When Kejriwal came to power, he brought with him a sense of hope for thousands of Delhiites. Whether he was or not the future for them was always a question in their mind. But it was the hope that millions of Indians had in their minds that drove him to power.
The hope, leadership, and stability that these people dreamt of or saw in him is today dying down rather quickly in their eyes.
Kejriwal has, in all of his years of power so far, tried to build a career out of street melodrama, blame-games with the centre and a heightened association with twitter trolls.
Let’s take the recent demonetization act as an example.
While there are mixed views about how demonetization has helped or will ruin the Indian economy and the ease of its citizens, Kejriwal’s arguments have been that of an adamant 5 grader trying to argue with others at the dinner table about why GI Joes are not as fun as hot wheels.
His recent video on demonetization gives an impression of him being anti-Modi more than him being against the move.
He laments endlessly about the inconvenience caused to the common man, which we all agree is true but he loses the plot completely. His arguments sound ridiculous, to say the least. For example, he states that no one sees rich industrialists standing in queues for money which should imply that they still have enough liquid cash on them and hence the move by Modi is nothing but a scam.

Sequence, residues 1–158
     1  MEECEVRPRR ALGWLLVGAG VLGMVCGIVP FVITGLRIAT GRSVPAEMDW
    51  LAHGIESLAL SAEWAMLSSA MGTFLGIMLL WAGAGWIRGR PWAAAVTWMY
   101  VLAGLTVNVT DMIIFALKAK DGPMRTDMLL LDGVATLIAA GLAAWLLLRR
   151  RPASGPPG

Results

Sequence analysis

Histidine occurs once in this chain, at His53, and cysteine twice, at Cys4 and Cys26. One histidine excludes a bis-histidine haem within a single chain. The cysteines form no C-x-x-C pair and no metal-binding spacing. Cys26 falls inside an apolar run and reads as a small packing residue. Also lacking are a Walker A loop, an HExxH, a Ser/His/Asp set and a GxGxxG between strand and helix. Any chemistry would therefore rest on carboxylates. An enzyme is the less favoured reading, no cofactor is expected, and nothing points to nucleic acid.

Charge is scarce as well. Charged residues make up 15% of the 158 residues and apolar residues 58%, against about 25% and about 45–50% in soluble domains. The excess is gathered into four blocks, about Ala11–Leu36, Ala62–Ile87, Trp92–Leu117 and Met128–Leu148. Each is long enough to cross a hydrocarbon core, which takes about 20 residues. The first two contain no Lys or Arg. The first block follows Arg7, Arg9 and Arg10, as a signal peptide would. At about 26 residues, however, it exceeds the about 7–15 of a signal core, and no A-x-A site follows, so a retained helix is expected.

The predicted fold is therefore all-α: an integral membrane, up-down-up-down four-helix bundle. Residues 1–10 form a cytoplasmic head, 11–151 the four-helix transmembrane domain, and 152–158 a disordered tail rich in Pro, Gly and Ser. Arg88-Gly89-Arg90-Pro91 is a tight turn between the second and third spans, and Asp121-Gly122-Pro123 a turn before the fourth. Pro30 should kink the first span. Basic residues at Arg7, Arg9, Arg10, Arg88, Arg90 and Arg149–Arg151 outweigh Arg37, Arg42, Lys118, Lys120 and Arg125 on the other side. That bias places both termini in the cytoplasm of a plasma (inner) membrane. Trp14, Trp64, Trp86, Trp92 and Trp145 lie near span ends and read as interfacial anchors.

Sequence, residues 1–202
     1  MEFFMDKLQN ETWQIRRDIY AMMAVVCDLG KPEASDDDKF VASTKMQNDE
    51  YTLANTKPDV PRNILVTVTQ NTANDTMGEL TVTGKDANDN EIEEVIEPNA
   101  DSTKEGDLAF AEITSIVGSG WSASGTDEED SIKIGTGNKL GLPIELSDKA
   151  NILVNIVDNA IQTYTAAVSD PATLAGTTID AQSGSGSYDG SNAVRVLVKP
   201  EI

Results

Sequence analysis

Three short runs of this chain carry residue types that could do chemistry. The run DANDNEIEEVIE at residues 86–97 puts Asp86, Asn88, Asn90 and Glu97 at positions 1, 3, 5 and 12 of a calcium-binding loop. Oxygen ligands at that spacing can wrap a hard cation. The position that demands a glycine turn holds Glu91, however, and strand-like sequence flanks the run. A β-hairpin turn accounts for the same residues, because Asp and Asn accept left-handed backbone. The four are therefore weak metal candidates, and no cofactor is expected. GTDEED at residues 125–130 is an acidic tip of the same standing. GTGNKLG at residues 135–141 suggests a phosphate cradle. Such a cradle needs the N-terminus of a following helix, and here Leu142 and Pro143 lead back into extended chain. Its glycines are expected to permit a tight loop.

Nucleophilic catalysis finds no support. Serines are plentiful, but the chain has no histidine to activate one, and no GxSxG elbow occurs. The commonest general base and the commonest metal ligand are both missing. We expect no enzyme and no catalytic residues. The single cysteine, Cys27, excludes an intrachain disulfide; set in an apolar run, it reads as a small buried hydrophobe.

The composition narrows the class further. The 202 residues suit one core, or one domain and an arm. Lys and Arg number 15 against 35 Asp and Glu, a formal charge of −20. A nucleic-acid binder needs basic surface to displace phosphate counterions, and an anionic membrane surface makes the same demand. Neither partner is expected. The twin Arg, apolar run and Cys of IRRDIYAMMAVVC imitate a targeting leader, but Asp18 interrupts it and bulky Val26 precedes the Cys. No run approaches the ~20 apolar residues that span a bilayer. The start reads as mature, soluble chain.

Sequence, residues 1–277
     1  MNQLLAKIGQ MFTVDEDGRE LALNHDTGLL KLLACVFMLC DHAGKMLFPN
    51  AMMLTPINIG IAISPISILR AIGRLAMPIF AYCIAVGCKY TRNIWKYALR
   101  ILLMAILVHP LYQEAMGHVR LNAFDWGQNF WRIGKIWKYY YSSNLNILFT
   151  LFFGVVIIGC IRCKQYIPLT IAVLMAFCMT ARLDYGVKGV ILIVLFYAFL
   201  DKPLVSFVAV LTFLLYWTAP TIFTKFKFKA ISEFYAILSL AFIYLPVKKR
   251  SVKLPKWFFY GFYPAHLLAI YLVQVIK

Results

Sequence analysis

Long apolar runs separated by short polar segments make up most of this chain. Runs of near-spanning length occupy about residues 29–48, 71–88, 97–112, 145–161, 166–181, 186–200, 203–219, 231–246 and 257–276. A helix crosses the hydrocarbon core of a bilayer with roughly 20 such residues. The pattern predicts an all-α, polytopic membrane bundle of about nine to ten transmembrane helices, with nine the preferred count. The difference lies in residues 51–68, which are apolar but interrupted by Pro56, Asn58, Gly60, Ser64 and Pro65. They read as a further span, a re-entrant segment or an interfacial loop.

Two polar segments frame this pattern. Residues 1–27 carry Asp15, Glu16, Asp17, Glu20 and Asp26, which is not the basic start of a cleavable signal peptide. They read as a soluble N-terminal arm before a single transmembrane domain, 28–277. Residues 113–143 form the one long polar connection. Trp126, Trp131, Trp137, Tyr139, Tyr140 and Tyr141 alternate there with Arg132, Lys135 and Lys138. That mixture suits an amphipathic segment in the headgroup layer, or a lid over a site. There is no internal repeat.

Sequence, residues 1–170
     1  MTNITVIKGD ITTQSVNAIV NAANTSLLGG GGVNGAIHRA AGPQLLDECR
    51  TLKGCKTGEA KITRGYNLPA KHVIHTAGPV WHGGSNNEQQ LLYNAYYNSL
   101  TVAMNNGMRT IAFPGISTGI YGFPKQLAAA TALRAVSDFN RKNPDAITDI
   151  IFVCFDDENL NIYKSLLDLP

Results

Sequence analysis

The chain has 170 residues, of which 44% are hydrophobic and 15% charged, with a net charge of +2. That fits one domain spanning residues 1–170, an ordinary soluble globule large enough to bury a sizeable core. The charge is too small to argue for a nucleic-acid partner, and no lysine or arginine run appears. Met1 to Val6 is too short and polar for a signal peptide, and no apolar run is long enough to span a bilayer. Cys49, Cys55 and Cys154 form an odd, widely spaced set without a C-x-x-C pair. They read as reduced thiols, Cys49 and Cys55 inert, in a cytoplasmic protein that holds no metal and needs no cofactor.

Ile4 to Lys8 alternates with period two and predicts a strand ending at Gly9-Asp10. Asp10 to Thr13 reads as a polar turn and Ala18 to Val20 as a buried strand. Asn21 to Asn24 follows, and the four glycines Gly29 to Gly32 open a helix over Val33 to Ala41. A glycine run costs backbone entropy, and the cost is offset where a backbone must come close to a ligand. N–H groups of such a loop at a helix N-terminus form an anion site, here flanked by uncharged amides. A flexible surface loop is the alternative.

Well frankly as a young middle-class individual living in a metro city even I haven’t yet left the need to stand in a queue outside the ATM, fortunately, the card payments have made life pretty much better as it was before demonetization. This does not imply that I am part of a scam.
Even if rich industrialists do need money from the bank they have hired help for them who can do it for them rather than they do it themselves. Kejriwal’s argument, even though if it was good-intentioned, left a rather ridiculous mark on us. The whole point about it being inconvenient for the masses has overshadowed by his desperation to rant against Modi.
His stand against demonetization also makes one question his ever-continuing stance against corruption in general. His otherwise anti-corruption image contrasts with his disregard for demonetization as a move against corruption. Sadly, Kejriwal comes across as nothing but a hypocrite.
His Twitter comment about BJP being a Hindu party and yet ruining Hindus over demonetization, was rather baseless and unnecessary. In a religiously sensitive country like India, this comment seemed like a cheap attempt at raising a secularist question on a monetary issue which affects the country as a whole. To even try to imply that it could be better for a certain sect than another was an uncalled for comment by a man of his position.
A man who leads the capital of our country, a man who is an ex-IIT and an ex-IRS.
The aam aadmi image is now just a farce perhaps used to only misguide the hopeful and gullible real Aam Aadmi.
It can suffice to say,
“Beware the pseudo aam aadmi, for the real ones are waking up to reality.”